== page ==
Old is new … ish

I have a bad habit. It used to be a great habit, but these days it’s as useful as smoking or a second cup of coffee or five-hours playing computer games.

That bad habit is writing.

Quite some time ago, I came to the realization that I was no longer enjoying the whole writing thing. No coincidence, it came as I was on the elevator at my old apartment with my first royalty statement from HarperCollins in hand. I wasn’t so much demoralized as I was pissed at myself for not seeing this coming, and I promptly locked myself in my apartment and sat down to write something new.

After ten years of writing erotica, a short story a week and promptly dropped into the inboxes of my favourite editors, it’s now like getting blood from a stone. I still successfully dabble in smut under another name, albeit in a different sub-genre, but the whole contemporary boy-meets-girl thing eludes me now. I know this, yet I still give it a go. All I really need to do is pick up my phone and check out what Alison Tyler has published on Patreon and I’m sucked in, determined to finish this story or that story, finally sink my teeth into something wicked, but it never works out. I’ve deleted more than I’ve written when those moods strike me.

One of these days I’m going to learn to just go do something else and stop torturing myself.

But I still hope that one day I can actually get some of those stories finished. Mind over matter, ass in the chair and all that. In the meantime, I have a trove of stuff from the past decade that I can put out there to be read. I’ve been loading this stuff on on Tablo, and I’m rediscovering stories I had completely forgotten I’d written. Nothing Important Happened Today, for example. I’d completely forgotten that story and I’d forgotten how much I loved writing that story. Then there’s Six Sides of Steel, which was the most surprising thing I’d written to date, and I still have a friend who asks if I’m ever going to turn that into a novella.

For now, you can find my A.M. Hartnett stuff on Tablo. Maybe one day there’ll be something new.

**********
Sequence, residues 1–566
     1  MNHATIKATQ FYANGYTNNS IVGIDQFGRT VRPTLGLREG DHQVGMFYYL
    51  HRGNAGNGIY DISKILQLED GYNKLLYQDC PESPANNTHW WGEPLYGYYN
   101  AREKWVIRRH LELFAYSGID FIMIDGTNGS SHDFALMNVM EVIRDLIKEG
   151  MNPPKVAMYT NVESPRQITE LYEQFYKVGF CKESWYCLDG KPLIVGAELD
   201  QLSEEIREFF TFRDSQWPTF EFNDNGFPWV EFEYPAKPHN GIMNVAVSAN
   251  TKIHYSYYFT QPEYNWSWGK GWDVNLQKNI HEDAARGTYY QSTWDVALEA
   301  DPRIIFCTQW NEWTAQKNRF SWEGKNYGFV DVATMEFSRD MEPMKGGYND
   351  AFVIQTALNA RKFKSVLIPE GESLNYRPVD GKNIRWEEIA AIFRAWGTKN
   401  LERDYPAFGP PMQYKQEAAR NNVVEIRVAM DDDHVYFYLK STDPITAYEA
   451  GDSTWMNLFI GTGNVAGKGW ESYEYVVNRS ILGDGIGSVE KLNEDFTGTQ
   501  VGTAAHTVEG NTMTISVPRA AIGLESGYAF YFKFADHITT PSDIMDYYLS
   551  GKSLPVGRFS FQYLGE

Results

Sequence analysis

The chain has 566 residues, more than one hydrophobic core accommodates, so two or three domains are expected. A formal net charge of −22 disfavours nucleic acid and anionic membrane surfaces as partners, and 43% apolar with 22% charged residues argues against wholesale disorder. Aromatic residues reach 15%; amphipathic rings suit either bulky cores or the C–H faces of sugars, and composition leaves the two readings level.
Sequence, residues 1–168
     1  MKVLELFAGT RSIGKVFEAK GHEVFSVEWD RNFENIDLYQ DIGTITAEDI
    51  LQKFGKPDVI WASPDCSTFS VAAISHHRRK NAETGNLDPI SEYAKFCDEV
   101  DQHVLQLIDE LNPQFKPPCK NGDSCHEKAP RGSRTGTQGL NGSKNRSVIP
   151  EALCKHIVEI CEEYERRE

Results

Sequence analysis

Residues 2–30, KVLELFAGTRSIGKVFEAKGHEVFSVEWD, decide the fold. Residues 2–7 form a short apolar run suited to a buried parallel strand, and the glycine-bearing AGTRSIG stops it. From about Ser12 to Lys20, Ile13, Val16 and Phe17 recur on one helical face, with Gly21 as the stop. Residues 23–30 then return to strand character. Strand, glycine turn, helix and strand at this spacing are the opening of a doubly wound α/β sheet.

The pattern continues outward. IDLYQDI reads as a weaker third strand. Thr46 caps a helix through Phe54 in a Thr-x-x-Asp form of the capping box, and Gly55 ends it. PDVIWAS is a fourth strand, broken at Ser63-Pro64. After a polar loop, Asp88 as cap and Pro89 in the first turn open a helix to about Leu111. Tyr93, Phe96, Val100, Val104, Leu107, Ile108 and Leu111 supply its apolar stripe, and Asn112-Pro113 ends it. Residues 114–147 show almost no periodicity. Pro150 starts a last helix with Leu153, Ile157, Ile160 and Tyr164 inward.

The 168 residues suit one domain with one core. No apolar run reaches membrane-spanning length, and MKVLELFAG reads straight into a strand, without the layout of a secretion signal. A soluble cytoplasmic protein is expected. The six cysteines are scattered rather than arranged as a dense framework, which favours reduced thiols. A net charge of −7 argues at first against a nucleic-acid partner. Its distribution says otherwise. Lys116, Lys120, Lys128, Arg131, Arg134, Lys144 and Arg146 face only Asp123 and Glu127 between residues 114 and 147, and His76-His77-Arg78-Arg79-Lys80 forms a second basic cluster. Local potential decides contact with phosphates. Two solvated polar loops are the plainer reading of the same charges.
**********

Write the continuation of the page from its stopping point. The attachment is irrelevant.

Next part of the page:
Week … nevermind

Well, that was a bit of a bust, at least in the strictest sense. I did not finish Pretty Boy in 30 days. I got the introduction locked down and mapped out the first six chapters, but once I started to move forward I quickly realized that speed-writing was not going to work for Pretty Boy unless I made an absolute mess of it.

Now, that’s apparently the point of Nanowrimo: just write and clean up later. What that plan fails to recognize is that if you can’t move forward because you don’t know if your main character has an indoor toilet or an outhouse, there’s simply no moving forward.

This method worked fantastically for other genres I play in that don’t require one to spend 30 minutes staring at the cursor while wondering if the main character needs to go outdoors to use the toilet. I blazed through multiple novellas and short stories. But when I tried to apply the same method to Pretty Boy, I ultimately got frustrated and wandered off to play video games.

Lesson learned, which was a part of this experiment to begin with. Some books just can’t be written in 30 days and that’s OK. Every book is different, and if I can write one in a week while it takes me three months to get to chapter five in another, that’s just how it goes. Rather than worry about it and beat myself up, I’m just rolling with it.

Week One

I’m almost at the end of the first week of this whole book-writing thing, and it has not gone according to plan.

First, I am working on a book. It’s just not the book I planned to write. For some reason, things fell flat on The Thorn Garden immediately. The book is still waiting to be written, but now isn’t the time to write it, since I found myself pulling my hair out trying to locate the two books I actually need to proceed.

So, I’m working on the follow up to Shadows May Fall. Progress has been slow, filled with mini “Ah-ha!” moments. An intro I didn’t know was needed until I was utterly stumped come Chapter Two. A sub-plot that gets darker every time I revisit it. Having to break the no-research rule to stop and look something up several times because I can’t proceed without some minor detail. It takes place in a fictional town, which one would think would be easier to manage since I can just make things up, but ultimately turned into a project that involved stitching several real-life towns together, none of which have half the historical sources as Halifax did for Shadows May Fall. Then there’s the main character, whose arrogance I have to constantly keep in check.

It’s moving, and for the first time in about a year, but it’s not moving at the breakneck speed required for this challenge. I’d say the ETA looks closer to 60 days than 30. While I’d love to have the high of having finished a book in 30 days and being done with it, I’d rather have one that is readable, and the 50K/30 days method isn’t exactly the right method for getting me a readable book.

Bring on week two!